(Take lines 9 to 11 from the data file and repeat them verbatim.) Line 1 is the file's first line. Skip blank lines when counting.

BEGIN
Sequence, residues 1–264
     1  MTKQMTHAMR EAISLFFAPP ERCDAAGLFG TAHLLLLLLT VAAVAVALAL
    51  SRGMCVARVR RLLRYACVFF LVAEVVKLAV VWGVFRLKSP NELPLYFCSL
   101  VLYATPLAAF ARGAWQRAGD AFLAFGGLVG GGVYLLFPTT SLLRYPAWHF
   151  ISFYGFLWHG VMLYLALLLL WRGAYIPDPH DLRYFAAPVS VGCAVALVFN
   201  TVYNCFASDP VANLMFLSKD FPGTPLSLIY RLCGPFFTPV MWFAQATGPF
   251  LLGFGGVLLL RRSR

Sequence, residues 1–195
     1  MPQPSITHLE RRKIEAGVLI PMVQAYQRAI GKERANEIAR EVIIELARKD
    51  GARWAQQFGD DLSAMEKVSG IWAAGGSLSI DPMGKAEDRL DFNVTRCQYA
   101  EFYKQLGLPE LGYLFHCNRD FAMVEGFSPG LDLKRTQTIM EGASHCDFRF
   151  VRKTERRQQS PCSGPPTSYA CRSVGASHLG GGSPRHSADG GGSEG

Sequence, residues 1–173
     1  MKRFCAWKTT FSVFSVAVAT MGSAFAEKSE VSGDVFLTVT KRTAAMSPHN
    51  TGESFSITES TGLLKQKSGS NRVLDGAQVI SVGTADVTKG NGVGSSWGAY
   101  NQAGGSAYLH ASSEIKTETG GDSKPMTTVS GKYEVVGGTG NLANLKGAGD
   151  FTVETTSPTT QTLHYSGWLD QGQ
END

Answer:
     1  MPQPSITHLE RRKIEAGVLI PMVQAYQRAI GKERANEIAR EVIIELARKD
    51  GARWAQQFGD DLSAMEKVSG IWAAGGSLSI DPMGKAEDRL DFNVTRCQYA
   101  EFYKQLGLPE LGYLFHCNRD FAMVEGFSPG LDLKRTQTIM EGASHCDFRF